Latest Studies

Quarterly P/C industry snapshot: October 2020
Dr. Steven Weisbart
Insurance Information Institute;
October 15, 2020

This report begins with an in-depth analysis of key insurance economic indicators for the property/casualty (P/C) industry. P/C premium growth usually follows nominal GDP, and the 53 Blue Chip forecasts underlying this analysis see a remarkable range for nominal GDP, with a few predicting a recession through 2020:Q4. A bright spot: employment in all four major sectors of the insurance industry continued growing, despite enormous job losses in other industries in 2020:Q2. P/C industry operating ratio fell from 90.6 in 2019:1H to 92.3 in 2020:1H, and natural catastrophe losses rose from $13.8 billion to $24.7 billion in 2020:1H from the same period a year earlier. Economic forces affecting P/C insurance are also addressed, such as commercial property vacancies and hospital care. New vehicle sales are in recession mode, as are private passenger auto premiums. And while nonfarm payroll was down in the second quarter, payroll will likely rebound in 2020:Q3-Q4, as it did in 2008-2009. Also included is a special topic section on residential insurance. Full report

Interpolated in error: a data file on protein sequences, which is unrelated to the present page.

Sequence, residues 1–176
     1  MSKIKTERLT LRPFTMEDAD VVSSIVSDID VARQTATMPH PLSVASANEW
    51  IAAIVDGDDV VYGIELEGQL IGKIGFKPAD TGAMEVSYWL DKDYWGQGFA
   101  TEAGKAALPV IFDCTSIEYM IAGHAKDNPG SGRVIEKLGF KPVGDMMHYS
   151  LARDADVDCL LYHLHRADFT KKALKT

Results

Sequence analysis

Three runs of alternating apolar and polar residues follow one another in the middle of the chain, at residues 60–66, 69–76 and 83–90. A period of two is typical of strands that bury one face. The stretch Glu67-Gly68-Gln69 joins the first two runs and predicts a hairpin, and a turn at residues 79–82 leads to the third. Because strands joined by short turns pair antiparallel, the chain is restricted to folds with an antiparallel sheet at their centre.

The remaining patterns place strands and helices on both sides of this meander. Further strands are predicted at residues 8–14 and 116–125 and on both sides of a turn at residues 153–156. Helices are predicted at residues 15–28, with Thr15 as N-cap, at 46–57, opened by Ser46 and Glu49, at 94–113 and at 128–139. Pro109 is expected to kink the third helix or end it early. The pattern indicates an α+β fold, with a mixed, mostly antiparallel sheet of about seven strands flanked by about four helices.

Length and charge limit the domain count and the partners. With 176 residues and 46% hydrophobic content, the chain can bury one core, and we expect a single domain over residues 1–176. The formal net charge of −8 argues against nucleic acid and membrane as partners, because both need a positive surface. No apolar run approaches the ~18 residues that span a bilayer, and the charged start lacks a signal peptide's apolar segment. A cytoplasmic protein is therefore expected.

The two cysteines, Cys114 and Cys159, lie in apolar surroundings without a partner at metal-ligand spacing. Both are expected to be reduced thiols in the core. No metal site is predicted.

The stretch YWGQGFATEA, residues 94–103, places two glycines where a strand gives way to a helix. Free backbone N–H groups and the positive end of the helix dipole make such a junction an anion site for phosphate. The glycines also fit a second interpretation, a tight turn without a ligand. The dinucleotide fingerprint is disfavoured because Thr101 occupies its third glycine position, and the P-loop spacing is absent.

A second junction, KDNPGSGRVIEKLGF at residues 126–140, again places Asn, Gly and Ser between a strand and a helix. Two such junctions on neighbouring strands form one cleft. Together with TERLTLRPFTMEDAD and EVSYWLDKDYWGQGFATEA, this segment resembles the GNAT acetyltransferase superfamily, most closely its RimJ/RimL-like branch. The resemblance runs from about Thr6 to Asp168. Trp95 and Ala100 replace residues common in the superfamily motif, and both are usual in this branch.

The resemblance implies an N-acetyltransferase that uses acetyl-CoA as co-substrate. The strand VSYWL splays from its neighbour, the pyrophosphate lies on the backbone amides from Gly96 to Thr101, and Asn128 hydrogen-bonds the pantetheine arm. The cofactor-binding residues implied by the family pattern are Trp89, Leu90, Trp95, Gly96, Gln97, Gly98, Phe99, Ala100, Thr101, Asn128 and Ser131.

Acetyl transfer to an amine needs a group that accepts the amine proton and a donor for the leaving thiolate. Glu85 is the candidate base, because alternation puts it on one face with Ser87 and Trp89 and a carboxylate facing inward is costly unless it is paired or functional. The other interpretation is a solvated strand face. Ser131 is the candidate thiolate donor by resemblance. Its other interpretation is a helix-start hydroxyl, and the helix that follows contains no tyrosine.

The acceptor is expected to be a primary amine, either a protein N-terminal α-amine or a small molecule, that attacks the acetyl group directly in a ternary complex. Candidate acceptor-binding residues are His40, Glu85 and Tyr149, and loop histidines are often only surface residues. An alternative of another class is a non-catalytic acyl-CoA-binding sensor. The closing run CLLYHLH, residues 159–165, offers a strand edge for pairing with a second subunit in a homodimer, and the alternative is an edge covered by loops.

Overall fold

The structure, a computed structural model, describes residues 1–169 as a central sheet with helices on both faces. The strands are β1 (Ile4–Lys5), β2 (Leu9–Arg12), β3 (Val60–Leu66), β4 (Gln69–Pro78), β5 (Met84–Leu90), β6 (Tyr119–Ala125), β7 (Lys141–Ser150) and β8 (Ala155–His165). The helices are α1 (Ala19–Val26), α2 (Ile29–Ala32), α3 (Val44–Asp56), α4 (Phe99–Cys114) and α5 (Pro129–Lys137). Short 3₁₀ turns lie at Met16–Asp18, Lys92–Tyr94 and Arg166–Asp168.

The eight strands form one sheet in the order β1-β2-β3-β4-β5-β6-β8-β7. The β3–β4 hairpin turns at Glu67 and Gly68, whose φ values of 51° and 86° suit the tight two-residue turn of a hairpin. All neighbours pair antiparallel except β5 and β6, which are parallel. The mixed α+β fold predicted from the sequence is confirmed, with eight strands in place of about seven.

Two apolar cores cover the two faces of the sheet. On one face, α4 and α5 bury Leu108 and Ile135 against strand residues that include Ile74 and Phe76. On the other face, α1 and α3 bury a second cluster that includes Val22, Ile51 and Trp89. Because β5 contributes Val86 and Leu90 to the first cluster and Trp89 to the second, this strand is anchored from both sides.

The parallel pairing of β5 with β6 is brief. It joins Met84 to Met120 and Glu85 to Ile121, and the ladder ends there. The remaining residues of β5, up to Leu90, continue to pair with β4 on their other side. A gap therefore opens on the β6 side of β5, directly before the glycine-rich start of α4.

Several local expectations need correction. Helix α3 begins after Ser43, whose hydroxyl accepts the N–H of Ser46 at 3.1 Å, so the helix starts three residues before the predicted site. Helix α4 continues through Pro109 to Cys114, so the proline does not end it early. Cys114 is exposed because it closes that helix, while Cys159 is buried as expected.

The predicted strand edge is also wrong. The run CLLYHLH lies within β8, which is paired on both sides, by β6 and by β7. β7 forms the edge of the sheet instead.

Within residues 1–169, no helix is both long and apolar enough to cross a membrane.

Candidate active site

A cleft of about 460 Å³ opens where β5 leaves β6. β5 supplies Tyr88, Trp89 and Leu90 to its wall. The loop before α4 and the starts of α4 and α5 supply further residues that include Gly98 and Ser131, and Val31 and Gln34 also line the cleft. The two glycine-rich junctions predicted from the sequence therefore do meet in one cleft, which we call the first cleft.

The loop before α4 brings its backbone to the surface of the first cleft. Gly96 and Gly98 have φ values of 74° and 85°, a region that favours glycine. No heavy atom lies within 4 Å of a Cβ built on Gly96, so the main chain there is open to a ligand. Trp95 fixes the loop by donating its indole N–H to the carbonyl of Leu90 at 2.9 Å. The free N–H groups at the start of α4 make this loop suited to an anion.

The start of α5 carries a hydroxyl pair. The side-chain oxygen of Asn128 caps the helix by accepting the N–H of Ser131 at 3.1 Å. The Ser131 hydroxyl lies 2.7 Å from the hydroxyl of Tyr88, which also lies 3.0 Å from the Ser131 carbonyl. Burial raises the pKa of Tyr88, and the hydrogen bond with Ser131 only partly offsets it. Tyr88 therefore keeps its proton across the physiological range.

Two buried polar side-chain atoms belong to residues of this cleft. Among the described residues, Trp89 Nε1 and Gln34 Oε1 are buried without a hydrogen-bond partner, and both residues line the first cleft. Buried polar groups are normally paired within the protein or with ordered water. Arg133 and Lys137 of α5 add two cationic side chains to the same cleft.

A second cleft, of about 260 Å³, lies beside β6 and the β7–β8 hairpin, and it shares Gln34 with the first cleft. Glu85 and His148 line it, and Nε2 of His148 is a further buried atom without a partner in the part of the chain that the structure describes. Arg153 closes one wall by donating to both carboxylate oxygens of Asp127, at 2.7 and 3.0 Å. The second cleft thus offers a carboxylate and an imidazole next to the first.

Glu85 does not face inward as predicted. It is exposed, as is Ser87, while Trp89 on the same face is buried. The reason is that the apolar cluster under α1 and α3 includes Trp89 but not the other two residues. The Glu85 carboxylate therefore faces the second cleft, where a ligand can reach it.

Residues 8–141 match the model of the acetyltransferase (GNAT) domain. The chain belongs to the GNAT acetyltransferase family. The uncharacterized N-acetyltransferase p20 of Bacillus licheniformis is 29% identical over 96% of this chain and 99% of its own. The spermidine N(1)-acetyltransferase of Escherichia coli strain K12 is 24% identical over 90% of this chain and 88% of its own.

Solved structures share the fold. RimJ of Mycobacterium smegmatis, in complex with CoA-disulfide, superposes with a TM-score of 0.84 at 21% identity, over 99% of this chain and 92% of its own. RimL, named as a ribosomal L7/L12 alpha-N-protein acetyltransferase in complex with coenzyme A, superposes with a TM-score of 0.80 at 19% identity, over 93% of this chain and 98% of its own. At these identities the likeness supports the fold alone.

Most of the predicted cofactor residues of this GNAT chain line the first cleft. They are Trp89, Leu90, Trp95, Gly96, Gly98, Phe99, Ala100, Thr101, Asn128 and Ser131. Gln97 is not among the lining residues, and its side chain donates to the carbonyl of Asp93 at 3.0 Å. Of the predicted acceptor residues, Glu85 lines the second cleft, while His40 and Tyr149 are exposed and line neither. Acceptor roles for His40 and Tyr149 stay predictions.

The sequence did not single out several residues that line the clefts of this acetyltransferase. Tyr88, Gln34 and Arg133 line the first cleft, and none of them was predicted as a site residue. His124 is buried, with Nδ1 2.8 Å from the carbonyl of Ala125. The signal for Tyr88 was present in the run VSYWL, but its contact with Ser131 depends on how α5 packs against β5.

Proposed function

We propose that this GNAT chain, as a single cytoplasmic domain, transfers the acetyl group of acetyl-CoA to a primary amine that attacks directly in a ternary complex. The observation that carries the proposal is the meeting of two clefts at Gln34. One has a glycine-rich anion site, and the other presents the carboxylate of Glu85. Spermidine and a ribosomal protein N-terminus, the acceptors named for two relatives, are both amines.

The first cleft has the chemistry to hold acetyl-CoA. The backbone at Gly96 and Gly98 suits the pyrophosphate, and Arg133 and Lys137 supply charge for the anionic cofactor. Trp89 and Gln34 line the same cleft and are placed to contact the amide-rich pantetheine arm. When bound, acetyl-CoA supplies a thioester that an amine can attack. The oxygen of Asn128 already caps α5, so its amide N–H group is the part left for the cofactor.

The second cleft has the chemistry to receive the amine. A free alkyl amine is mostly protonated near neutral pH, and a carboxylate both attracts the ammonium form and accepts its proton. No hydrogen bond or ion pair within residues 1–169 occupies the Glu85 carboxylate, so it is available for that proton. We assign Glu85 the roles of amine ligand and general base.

2020 - Commentary on first half financial results
Dr. Steven Weisbart
Insurance Information Institute;
October 27, 2020